(1) Stars are hot stuff. Nuclear fusion occurs naturally in stars and happens when like-charged atomic nuclei join together to form a heavier nuclei.
(2) He’s not heavy, he’s my lower mass nuclei. Nuclear fusion can release or absorb energy relative to whether the nuclei have a mass lower than iron. If the nuclei have a mass lower than iron, the process releases energy, but if heavier than iron the process will absorb energy.
(3) The cycle of nuclear fusion in stars was worked out by Hans Bethe in the 1930s. In 1932 Mark Oliphant observed the fusion of hydrogen isotopes (light nuclei).
(4) As part of the Manhattan Project that created the nuclear bomb (which uses fission not fusion), Hungarian physicist Edward Teller pushed to create the “Super,” a bomb designed to use the force of a fission bomb detonation to ignite a fusion reaction in deuterium and tritium. “Super” seems kind of an understatement, ya think?
(5) The Joint European Torus (JET) is the largest nuclear fusion reactor ever built. It is located in the UK and experiments first began there in 1983. That’s more than a decade before the Large Hadron Collider was built. Neener neener.
(6) A tokamak is “a machine producing a toroidal magnetic field for confining a plasma” and is one of several types of magnetic confinement devices, such as that used for the JET. There must be naughty uber-nerd jokes about “magnetic confinement.” It’s not just my warped mind or anything, right?
(7) The Bussard Interstellar Ramjet is a theoretical spacecraft using fusion for propulsion and proposed in 1960 by physicist Robert W. Bussard. Science fiction writer Larry Niven popularized this method of space travel in his Known Space series of books. Carl Sagan also referenced this method in his Cosmos television series. Can’t…resist…must..say it… BILLIONS and BILLIONS. (Yes, I went there. After #6, this surprises you?)
(8) The Bussard Ramjet uses enormous electromagnetic fields as a scoop to collect and compress hydrogen from the gas and dust that fill the space between stars. “High speed forces the reactive mass into a progressively constricted magnetic field, compressing it until thermonuclear fusion occurs. The magnetic field then directs the energy as rocket exhaust opposite to the intended direction of travel, thereby accelerating the vessel.” (quote via Wikipedia)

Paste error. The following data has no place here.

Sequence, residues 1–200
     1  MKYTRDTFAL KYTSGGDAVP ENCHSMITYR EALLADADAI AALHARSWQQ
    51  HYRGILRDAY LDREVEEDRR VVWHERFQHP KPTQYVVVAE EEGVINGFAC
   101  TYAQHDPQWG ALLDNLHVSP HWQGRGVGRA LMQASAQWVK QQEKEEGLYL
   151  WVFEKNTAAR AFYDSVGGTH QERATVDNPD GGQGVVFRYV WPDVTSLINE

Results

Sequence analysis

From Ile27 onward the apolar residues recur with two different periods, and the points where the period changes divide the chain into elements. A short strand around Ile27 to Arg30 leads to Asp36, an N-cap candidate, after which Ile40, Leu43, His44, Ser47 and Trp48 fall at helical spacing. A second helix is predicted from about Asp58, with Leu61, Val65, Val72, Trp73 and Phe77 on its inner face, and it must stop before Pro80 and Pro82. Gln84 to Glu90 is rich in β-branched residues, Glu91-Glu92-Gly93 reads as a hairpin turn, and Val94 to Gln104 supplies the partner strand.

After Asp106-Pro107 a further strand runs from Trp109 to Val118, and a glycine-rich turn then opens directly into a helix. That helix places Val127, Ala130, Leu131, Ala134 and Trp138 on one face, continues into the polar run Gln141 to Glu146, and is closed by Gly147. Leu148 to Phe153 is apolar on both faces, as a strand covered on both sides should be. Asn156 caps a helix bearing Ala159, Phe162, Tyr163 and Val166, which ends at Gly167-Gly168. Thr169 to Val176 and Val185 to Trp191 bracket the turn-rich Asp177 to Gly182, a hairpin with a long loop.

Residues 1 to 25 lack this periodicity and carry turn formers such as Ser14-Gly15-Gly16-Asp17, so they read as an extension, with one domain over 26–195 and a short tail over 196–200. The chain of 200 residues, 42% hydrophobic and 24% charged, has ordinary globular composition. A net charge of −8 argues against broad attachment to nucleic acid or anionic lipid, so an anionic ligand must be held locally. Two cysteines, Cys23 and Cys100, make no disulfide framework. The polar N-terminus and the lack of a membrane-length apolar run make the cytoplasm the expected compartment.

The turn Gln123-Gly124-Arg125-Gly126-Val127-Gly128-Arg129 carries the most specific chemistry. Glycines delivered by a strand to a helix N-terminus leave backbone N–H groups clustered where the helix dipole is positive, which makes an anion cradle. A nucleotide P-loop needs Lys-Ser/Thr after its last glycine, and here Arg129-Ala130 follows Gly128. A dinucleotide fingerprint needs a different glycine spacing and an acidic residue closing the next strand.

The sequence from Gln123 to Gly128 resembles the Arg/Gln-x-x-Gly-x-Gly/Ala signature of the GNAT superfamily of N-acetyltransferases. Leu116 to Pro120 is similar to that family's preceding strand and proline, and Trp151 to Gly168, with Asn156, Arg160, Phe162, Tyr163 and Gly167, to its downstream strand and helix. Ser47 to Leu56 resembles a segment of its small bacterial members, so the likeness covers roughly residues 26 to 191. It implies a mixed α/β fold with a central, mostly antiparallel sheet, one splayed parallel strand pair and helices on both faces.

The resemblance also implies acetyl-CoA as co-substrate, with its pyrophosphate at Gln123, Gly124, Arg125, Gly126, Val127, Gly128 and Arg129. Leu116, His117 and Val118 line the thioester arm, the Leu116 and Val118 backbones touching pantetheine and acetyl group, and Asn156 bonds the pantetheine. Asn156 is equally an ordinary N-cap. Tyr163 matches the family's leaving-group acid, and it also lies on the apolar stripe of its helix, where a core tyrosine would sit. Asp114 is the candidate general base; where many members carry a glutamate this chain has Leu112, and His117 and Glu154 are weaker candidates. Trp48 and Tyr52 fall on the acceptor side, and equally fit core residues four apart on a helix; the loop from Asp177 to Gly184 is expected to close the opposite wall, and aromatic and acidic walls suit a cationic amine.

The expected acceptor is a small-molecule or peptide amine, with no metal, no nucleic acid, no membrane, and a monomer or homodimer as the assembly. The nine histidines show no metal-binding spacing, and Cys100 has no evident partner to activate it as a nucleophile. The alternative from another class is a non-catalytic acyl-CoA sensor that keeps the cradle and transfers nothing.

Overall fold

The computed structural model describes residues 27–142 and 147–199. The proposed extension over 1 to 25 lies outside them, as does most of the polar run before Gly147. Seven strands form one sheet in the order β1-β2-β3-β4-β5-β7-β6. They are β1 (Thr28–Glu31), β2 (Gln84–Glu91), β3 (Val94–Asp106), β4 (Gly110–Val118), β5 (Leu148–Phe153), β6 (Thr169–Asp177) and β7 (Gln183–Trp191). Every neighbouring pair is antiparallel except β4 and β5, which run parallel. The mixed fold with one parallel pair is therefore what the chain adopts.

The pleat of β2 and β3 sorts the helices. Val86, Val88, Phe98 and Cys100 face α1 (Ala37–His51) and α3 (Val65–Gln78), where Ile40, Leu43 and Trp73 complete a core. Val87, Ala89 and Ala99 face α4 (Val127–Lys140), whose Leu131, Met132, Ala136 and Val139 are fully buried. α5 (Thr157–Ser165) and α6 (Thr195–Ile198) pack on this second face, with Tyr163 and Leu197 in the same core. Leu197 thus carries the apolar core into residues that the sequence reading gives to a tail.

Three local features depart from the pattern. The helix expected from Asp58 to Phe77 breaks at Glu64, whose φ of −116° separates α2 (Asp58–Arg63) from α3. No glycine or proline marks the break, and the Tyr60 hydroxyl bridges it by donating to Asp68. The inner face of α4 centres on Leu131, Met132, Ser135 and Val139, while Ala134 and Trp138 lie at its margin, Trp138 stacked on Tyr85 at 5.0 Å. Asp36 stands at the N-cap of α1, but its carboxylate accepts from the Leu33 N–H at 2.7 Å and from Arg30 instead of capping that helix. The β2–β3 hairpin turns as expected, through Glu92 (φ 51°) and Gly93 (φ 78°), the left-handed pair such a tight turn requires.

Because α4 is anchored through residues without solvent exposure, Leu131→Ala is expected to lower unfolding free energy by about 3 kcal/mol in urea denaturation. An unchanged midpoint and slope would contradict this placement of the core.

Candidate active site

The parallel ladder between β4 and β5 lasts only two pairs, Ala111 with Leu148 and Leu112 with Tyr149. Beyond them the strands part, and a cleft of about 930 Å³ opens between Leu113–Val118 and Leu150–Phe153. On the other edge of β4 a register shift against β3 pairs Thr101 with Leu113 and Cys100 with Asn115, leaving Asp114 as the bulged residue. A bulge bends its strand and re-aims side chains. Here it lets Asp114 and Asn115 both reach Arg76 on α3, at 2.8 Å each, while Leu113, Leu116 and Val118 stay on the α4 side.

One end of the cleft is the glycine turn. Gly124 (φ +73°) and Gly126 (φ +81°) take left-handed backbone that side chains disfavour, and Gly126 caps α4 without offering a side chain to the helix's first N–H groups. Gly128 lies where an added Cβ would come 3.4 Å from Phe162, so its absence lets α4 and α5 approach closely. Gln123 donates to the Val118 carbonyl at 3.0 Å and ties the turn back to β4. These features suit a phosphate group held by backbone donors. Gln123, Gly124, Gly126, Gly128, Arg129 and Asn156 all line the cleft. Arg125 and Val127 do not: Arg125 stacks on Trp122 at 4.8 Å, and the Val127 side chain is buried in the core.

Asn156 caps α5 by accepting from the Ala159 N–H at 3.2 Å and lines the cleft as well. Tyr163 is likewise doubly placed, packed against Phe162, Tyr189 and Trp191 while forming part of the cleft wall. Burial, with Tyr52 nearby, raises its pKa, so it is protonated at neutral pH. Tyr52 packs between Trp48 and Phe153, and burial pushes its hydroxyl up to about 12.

(9) Inertial electrostatic confinement (IEC) uses an electrostatic field to contain fusion plasma. This type of reactor is cheap to build, costing a few thousand dollars. While popular with hobbyists, the process has yet to produce power. A promising new concept called Periodically Oscillating Plasma Sphere (POPS) has been proposed that would mitigate power loss and might produce cheap fusion power. I’m all of out of naughty plasma containment jokes (but I welcome them in the comments).
(10) Bigger is better? Larger than JET, the International Thermonuclear Experimental Reactor (ITER) is a magnetic confinement fusion reactor to be built in France and expected to produce its first plasma operation in 2018.
(11) Scientists are currently trying to build a rocket that utilizes the “charged debris from a proton/anti-proton annihilation” for propulsion. Essentially, fling a proton and an anti-proton at one another, capture the pions expelled from the reaction, and use the energy of these charged particles for thrust. I suspect this is something Sheldon from the Big Bang Theory attempted for his 6th grade science fair project. (This isn’t fusion, but bear with me, keep reading.)
(12) A antimatter-catalyzed fusion reaction could be used to power propulsion. A small amount of anti-protons are fired at a “fusion target” or nuclear fuel. The reaction heats the nuclear fuel enough to cause thermonuclear fusion. Evidently, this method could never produce enough power to be used as alternative energy source here on Earth, but it could theoretically power rockets and ships in space without the need to transport massive amounts of raw fuel. Is that sort of like when I eat chocolate and it catalyzes fat into some kind of thermonuclear fusion evidenced by the number on my bathroom scale?
(13) Time in a magnetic bottle. A Penning Trap collects anti-protons in a magnetic bottle, where the particles are kept cold by liquid nitrogen, helium and a stable magnetic field. (Also see this article for more information on how a Penning Trap might be used in an antimatter-catalyzed fusion reaction.)